New Zealand — Thank you & Goodbye
Four years ago I arrived in New Zealand via Southeast Asia and Australia; I did not even know where NZ was on the map let alone where I was going or what I was going to do when I got there. Now don’t judge me, I do not claim to be intelligent quite the opposite in fact. I know my passion. I know what I know, and I do what do, well.
Yesterday as I packed my bags for the final time, and I prepared to leave ‘the land of the long white cloud’, I thought of the journey, and the experiences I’ve encountered and my mind was blown. As my thoughts drifted, I reflected, and I shivered. My growth and development, personally and professionally, has been scary — It’s scary and but equally exciting, Where I was to where I am now. I’ve come a long way; it makes me want to scream I could explode. I’m so excited for the future.
Upon packing my bags, I chatted with a friend. We both agreed how we’d let our early twenties (or in my case most of my twenties) be dictated by others. We partied, we danced, and we sang. There was no room for study beyond university, and there was no football, rugby or time for exercise, and certainly no time for self-reflection. For the best part, I rode the wave of others, and he agreed to his extent. In reality, while it took my friends, two or three years to serve their apprenticeships it took me the best part of 13 years. Yep, from 16–28 I had no idea what I was doing, why I was doing what I was doing, nor how I did it. Although by 24 I had started in recruitment where I realised helping others was hugely fulfilling, and business (and what it took to succeed) intrigued me immensely. That didn’t mean riding the waves of what was perceived socially acceptable and cool stopped. Hell no, I was still penniless and headstrong. At 26 it was time for a change, don’t mistake that as ‘to change’, I went on my overseas experience aka “OE” or “gap” years and the rest, they say, is history.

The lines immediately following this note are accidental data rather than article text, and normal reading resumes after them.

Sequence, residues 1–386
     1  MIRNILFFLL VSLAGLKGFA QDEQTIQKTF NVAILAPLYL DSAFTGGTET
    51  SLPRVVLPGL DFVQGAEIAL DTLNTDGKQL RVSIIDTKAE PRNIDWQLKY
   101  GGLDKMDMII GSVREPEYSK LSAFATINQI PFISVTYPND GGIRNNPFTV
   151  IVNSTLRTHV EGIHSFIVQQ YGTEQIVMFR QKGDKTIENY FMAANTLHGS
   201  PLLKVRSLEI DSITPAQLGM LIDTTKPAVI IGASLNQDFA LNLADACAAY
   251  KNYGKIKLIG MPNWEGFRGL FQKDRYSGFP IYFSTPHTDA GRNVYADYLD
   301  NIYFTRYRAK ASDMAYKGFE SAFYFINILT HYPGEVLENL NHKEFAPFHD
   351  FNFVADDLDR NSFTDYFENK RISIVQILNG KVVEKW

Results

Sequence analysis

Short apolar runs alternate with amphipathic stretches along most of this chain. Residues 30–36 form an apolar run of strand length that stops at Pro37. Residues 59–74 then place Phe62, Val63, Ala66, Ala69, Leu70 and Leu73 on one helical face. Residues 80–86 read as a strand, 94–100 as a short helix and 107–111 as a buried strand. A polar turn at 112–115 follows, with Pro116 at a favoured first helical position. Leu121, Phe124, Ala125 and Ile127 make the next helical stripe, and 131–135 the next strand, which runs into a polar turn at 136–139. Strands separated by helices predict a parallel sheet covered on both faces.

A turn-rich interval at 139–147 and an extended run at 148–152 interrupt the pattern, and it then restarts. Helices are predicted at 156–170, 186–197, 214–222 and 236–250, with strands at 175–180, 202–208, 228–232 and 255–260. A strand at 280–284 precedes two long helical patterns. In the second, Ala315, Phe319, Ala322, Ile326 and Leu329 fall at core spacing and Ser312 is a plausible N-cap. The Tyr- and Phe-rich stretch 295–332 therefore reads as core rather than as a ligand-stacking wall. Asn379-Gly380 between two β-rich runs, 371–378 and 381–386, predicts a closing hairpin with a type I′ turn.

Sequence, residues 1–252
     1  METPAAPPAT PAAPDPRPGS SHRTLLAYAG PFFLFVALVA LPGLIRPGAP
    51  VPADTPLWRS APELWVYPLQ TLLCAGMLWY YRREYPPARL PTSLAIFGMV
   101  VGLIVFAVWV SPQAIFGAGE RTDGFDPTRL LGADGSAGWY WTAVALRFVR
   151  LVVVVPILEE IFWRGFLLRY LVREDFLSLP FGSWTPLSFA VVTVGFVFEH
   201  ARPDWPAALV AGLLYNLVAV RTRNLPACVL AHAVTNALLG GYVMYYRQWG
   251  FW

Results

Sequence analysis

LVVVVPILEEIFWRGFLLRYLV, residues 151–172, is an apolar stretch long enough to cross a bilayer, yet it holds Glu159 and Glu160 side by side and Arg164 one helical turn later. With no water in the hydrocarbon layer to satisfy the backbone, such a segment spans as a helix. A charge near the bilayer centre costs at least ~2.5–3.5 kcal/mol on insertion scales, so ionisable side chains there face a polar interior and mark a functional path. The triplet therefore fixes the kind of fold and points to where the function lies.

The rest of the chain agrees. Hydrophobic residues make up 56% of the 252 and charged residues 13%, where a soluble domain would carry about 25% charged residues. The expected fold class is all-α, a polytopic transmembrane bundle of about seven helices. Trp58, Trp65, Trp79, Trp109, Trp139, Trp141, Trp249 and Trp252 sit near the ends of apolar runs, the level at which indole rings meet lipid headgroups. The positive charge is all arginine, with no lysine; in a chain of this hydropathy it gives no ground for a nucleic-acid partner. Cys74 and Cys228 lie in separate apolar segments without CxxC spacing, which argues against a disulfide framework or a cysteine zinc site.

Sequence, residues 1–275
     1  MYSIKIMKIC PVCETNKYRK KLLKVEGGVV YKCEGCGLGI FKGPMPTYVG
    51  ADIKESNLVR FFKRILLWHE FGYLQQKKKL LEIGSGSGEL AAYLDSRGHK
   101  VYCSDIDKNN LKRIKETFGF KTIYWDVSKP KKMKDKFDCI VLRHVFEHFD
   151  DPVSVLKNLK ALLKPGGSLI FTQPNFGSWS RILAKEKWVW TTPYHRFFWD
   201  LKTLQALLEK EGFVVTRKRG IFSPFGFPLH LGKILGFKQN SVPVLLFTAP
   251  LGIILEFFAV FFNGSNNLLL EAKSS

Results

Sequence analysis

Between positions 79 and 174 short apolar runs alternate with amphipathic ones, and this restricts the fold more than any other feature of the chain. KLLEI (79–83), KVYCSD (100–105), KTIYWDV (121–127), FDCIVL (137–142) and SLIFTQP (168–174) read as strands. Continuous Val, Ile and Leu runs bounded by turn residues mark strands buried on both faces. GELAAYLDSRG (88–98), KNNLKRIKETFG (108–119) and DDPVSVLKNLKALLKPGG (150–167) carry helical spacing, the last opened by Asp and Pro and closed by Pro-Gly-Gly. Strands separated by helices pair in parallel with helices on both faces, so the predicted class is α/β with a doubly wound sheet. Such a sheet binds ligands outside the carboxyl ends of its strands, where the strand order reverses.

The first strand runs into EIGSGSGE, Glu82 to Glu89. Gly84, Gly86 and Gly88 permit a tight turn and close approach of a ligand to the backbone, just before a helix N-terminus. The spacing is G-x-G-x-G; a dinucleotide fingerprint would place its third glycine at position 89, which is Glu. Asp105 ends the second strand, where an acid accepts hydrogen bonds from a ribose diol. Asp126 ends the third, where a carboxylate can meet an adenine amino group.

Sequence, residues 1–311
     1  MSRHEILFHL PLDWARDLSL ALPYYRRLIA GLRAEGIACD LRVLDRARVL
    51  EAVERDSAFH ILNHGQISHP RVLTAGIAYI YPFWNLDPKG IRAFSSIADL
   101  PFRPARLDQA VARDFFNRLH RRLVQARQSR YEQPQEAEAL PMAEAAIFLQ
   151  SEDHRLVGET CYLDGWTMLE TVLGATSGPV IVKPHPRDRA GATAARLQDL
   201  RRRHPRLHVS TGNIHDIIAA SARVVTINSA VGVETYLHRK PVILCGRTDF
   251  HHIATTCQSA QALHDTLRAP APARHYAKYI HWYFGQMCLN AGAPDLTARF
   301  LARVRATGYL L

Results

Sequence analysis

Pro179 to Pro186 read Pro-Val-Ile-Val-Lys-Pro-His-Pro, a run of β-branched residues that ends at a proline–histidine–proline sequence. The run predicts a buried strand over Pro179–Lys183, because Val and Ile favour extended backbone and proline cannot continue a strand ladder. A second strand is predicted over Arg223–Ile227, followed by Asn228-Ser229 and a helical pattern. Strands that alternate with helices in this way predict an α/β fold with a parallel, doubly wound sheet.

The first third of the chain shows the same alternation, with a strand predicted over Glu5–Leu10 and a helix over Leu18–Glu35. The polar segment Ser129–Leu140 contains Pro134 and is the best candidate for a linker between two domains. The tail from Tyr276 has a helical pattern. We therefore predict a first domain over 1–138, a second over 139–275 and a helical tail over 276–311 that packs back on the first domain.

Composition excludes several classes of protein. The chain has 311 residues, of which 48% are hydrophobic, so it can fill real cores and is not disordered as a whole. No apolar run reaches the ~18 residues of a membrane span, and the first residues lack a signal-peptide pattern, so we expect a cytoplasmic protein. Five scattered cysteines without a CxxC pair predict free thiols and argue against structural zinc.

I got out of the small world I lived. I opened my eyes and realised the earth wasn’t flat, or as narrow as I thought. I understood that good things happen to good people, you get what you settle for, and everything happens for a reason. Although this was to be realised much later into my journey. For the next two years I still partied I still made an idiot of myself (let’s be honest going ‘cold turkey’ from any addiction is hard, especially being an arse), and I still make mistakes. Nevertheless, being away from my hometown and out of my comfort zone, I started to find the balance between dancing all night (week) long, carving a path of my own, riding my waves and searching for my meaning in life — my purpose — making time for reflection along-the-way. In January 2014, a month after my 29th birthday I decided it was time to change. As the Latin meaning of decide would have it, “to cut off”, I did just that from all vehicles that I deemed a hindrance to my journey.
Nearly five years I have been away from England, the Wirral and Liverpool. After three years with MedRecruit, my final day 30 March 2017, came with joy and plenty of woes. I wrote an internal email that day to express my gratitude, to say thank you to everyone who had been a part of my journey over the years. However, I realise my growth and development goes beyond the people I directly worked with at MedRecruit. Moreover, for that, I want to extend my thankyou’s to everyone I’ve met, connected with, worked with, looked up to, learned from and fallen out with. To the latter I apologise, I am certain I had no intentions. Mistakes are just that.
I must admit, after four years of denial, New Zealand has become home somewhat. So again I would like to reverberate my gratitude to everyone; I am so appreciative of you all — the support, encouragement, wise words and open ears. The naysayers, doubters and those who questioned my work (myself in the mainly), I’ve learned and grown from it all. You’ve all made the journey a truly spectacular one. It was a team effort.
Moral of the story, find balance. Work hard and play hard but always make time to listen, learn and lead. Create your own waves to ride. Riding the waves of others will only lead you to shores others are destined. Most importantly, hold no regrets or resentment. For those mistakes, poor decisions and/or painful experiences make you unique. Take everything you can from all that is offered, but always give back more.
Kia Kaha — ka kite ano